When the temperature of the parent material that is being used is too low, it can cause the deposited electrode metal to cool rapidly, leading to the prevention of the fusion of the metals. Preheating lowers the chance of this situation occurring. The quantity of preheating required is dependent upon the thickness and configuration of the plates to be welded.
The final reason behind preheating pertains to the occurrence of moisture on the top of metal. If the surface of the metal is wet during the welding process it might lead to the rejection of the weld or an accelerated tempo of surface crack formation in the welding region.
2. 1. 2. 4. TECHNIQUES FOR FLUX-CORED ARC WELDING
The flux-cored arc welding used in the workshop uses a wire electrode which is shielded by an appropriate gas. In general, flux-cored wires are produced to operate with either carbon dioxide or an assortment of argon and skin tightening and as shielding gas. The shielding gas prevents the spark from leading to the uncontrolled dispersion or oxidation of the electrode metal.
Flux-cored arc welding is generally performed by dragging the welding gun across the joint that should be welded. When welding t-joints it's important to keep the welding gun at a 45ґј angle to ensure that the electrode metal is evenly deposited in both pieces of metal.
When completing butt welds the torch must stay in an upright position and should not deviate from the upright position by more than 15ґј. This may also ensure even distribution of the electrode metal during the welding process.
2. 1. 2. 5. EQUIPMENT
Lincoln electric Idealarc DC-600 power source
Direct current welding power source with a maximum current output of 850 A and maximum voltage output of 44 V
Lincoln electric LN-25 PRO semi-automatic wire feeder
Wire feeders are linked to the energy source to feed electrode wire through the welding gun
Flux-cored electrode wire used in conjunction with CO2 as shielding gas
Matweld Anti-spatter Silicone mat 0810
Spray canister that can be used to avoid the spatter of electrode metal through the welding process
The spray is put on the welding gun
Two combinations of gases are used in the cutting torches. LP gas and oxygen are being used together, or acetylene and oxygen
Lighting the torch
The operator opens the LPG or acetylene feed and lights the gas
After the LPG or acetylene has been lit, the oxygen supply is opened to enhance the flame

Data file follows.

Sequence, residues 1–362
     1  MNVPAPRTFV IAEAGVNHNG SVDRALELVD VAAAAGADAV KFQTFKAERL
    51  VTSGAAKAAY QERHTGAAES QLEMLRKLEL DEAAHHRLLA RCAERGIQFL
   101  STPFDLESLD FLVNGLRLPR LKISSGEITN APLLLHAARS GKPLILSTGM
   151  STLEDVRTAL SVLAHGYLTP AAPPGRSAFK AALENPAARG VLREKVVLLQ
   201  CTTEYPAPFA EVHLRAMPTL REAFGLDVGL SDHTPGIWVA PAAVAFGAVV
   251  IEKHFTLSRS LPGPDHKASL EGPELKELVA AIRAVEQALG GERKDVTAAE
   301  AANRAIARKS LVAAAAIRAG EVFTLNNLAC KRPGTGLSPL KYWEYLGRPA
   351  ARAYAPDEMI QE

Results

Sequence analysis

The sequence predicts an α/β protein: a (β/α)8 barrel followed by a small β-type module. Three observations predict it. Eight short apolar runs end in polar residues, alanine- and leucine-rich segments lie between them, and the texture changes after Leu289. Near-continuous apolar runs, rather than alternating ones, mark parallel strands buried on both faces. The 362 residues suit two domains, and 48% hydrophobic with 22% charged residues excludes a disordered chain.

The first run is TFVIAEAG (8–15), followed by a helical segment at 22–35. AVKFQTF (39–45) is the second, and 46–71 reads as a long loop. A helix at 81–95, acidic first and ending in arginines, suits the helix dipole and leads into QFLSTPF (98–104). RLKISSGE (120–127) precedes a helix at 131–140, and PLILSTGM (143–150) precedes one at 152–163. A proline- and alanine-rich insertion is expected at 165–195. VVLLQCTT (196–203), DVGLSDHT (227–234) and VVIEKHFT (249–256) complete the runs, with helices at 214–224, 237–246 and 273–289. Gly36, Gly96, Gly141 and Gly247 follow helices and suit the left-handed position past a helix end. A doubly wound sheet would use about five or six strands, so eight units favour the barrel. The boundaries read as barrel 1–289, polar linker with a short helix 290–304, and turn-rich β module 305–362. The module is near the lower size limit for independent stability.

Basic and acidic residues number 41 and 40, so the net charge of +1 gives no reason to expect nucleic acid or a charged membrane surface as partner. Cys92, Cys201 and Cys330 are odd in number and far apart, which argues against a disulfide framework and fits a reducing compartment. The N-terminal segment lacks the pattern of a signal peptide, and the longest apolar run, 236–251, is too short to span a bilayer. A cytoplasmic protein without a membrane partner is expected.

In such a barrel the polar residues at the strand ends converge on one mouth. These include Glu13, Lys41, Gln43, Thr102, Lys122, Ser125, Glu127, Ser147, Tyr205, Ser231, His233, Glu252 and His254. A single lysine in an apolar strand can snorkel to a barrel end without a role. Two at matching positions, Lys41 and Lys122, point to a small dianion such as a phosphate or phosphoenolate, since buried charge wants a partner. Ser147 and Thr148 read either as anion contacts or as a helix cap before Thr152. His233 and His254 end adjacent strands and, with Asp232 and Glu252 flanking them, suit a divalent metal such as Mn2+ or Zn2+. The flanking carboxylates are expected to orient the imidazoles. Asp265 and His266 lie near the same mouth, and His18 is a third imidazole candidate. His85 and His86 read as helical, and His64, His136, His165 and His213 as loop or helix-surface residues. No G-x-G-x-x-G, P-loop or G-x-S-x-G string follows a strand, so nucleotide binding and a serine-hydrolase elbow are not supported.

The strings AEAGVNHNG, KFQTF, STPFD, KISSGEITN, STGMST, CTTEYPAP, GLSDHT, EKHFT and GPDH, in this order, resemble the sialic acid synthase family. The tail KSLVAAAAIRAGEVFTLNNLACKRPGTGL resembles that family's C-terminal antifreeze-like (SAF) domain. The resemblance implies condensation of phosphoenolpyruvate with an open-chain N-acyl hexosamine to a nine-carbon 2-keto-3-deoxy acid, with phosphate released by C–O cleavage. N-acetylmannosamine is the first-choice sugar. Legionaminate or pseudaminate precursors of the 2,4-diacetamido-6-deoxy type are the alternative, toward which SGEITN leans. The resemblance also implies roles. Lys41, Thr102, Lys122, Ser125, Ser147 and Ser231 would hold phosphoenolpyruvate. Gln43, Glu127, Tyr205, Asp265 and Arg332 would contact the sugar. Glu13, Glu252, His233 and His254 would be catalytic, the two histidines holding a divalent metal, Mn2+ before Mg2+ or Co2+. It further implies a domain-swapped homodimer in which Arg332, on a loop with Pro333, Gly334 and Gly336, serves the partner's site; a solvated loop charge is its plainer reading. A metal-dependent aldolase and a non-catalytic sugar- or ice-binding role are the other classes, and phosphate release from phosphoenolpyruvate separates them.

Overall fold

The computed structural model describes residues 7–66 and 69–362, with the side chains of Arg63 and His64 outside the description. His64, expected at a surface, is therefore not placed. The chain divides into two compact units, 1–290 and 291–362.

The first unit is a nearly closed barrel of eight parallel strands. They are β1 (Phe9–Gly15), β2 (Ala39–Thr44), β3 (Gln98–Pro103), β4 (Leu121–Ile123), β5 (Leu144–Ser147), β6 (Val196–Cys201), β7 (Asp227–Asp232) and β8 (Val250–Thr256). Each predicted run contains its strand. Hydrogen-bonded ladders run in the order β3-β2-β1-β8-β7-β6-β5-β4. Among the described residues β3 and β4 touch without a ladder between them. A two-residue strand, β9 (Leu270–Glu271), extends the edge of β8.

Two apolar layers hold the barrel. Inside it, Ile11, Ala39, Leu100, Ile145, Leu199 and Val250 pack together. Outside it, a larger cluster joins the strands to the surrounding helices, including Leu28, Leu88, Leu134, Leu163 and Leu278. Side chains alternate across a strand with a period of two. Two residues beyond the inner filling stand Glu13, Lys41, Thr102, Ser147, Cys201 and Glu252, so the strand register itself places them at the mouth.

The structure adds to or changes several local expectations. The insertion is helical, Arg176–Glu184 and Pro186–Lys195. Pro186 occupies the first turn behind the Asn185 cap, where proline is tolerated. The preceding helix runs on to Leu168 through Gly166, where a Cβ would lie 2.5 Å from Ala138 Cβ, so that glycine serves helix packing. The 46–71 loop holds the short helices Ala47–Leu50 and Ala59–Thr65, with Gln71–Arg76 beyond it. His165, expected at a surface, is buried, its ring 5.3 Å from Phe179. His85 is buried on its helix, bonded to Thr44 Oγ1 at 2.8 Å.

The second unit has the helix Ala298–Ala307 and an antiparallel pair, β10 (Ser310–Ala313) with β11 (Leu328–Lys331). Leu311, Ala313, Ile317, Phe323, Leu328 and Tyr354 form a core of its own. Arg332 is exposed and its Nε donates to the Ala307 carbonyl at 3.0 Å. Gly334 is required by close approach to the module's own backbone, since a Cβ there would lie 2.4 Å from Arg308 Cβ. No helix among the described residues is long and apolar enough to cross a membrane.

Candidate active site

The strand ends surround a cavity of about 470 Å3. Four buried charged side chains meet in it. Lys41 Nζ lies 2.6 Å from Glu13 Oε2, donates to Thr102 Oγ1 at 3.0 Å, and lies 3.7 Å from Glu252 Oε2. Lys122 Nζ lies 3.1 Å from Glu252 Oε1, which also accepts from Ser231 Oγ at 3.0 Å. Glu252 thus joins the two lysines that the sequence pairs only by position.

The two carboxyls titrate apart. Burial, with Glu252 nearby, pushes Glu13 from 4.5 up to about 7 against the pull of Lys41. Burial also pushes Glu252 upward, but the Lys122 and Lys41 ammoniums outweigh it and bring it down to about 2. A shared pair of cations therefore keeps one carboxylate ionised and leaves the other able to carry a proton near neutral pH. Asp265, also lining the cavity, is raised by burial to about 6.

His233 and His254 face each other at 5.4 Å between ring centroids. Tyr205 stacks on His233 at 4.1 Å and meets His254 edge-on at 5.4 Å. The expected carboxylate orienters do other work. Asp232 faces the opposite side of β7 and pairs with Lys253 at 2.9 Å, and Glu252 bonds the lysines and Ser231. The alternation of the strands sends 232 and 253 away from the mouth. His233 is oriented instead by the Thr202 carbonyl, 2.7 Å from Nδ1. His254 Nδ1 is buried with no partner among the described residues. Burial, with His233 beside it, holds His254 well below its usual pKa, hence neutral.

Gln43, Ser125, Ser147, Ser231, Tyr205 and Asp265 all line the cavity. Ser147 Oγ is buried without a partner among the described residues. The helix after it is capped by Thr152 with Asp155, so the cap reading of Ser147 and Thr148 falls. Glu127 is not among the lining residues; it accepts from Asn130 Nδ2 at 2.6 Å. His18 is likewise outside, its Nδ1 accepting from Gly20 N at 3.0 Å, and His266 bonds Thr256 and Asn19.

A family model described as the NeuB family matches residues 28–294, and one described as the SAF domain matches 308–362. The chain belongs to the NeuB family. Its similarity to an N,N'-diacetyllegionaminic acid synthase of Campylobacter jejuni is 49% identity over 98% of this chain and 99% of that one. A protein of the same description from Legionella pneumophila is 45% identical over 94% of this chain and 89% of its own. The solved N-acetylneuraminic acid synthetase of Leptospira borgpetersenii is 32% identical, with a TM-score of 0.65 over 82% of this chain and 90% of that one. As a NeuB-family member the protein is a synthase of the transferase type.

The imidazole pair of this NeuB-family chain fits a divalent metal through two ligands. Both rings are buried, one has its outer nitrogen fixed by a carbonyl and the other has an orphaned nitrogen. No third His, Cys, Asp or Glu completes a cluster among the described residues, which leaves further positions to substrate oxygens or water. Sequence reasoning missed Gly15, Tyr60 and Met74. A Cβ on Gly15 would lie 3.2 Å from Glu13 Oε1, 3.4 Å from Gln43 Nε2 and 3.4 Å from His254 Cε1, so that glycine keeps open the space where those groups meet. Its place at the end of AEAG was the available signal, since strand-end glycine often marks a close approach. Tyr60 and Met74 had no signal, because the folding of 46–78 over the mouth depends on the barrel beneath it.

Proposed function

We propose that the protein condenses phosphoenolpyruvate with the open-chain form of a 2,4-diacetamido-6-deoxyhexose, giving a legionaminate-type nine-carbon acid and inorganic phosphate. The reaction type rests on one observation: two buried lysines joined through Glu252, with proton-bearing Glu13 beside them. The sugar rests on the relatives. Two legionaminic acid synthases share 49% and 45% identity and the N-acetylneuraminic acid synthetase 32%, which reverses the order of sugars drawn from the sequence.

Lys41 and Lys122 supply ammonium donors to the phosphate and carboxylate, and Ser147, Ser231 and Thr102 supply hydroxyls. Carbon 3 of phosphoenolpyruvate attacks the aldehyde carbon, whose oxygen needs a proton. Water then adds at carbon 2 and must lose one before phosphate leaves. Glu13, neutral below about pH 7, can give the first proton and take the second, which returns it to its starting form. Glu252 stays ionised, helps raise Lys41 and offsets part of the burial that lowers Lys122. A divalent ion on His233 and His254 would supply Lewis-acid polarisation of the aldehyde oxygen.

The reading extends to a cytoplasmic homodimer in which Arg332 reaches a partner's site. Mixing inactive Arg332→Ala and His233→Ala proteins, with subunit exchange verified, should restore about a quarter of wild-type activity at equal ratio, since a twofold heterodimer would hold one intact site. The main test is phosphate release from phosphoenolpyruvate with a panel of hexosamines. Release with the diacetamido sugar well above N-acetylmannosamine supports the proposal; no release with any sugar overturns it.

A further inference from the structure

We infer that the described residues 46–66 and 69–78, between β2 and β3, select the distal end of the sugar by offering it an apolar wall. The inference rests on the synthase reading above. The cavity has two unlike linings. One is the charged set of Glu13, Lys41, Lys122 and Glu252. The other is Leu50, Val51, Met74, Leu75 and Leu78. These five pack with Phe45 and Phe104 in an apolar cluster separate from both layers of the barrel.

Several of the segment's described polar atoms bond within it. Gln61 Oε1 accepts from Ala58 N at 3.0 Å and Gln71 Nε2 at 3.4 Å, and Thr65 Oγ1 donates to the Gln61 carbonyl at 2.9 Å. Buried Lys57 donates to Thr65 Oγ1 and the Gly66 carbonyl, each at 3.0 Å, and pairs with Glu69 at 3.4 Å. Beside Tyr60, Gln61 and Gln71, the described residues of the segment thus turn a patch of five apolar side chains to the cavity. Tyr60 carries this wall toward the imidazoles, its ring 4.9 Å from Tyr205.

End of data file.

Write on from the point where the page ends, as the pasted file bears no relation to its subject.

An optimal flame to cut metal with is a quiet flame of blue colour without visible or distortions
Application of torches
Torches are mostly used to cut mild steel in the workshop. Torches can't be used to cut stainless. Technically speaking torches do not cut, they burn the metal. Burning involves oxidation of the metal. The temperature of the flame accelerates this oxidation process. Stainless has low iron content and will not rust in the presence of the flame.
Automated cutting torch
This machine has the ability to follow a shape by means of a proximity eye on a table at the left side of the device, while simultaneously moving the torch in the exact same pattern to cut a component from metal plates on the right side of the machine. Shapes are drawn and cut out on a yellow plastic sheet. The edges of the shape are then painted white. The form is then placed under the eye which follows the outline of the form while cutting the metal in the same way.
Cebora Plasma Prof 80 art 947
Uses only compressed air to make accurate cuts in metal up to a thickness of 20 mm and rough severance cuts up to 30 mm
The plasma cutter found in the workshop utilises high pressure gas which is sent through a little tubular gun. The tiny tubular gun contains a negative electrode that creates a circuit when the gun is brought near the metal. This electric spark caused by the circuit causes the gas to be heated into the plasma state of matter and reaches a temperature of about 16000ґјC. This extremely hot plasma then melts the metal that has been cut. The plasma cutter may be used to cut any metal. Inside the workshop it is used to cut stainless steel plates.
Spartan engineering 800M pressure vessel
200 L capacity
The reason for the sandblasting equipment is to completely clean and remove paint from the top of metal components which then prepares the top to be spray painted.
2. 1. 2. 6. TASKS OBSERVED
Due to the type of the precision and accuracy required to complete the jobs, almost all of the time in the workshop was spent observing and assisting.
The following jobs were happening:
Manufacturing and assembly of waste buckets
Waste buckets are used surrounding the mine for different waste material. These waste buckets are made by the mine boilermakers. Three waste buckets were being built for use round the mine. Plates for the structure had to be cut, bent and welded together by using a cutting torch, bending machine and welding machine.
Basic side layout
Basic front layout
Two sets of wear plates are used as parts of a vibrating beam in one of the assemblies in the plants
One set of plates have six holes through which it fastens the beam
The second group of plates are rectangular and support two springs
Because of the magnitude of the forces functioning on these wear plates, bearing failure of the plates occurs during operation. This wear is however allowed and monitored for a time frame before the beams are then removed and the exhausted plates cut off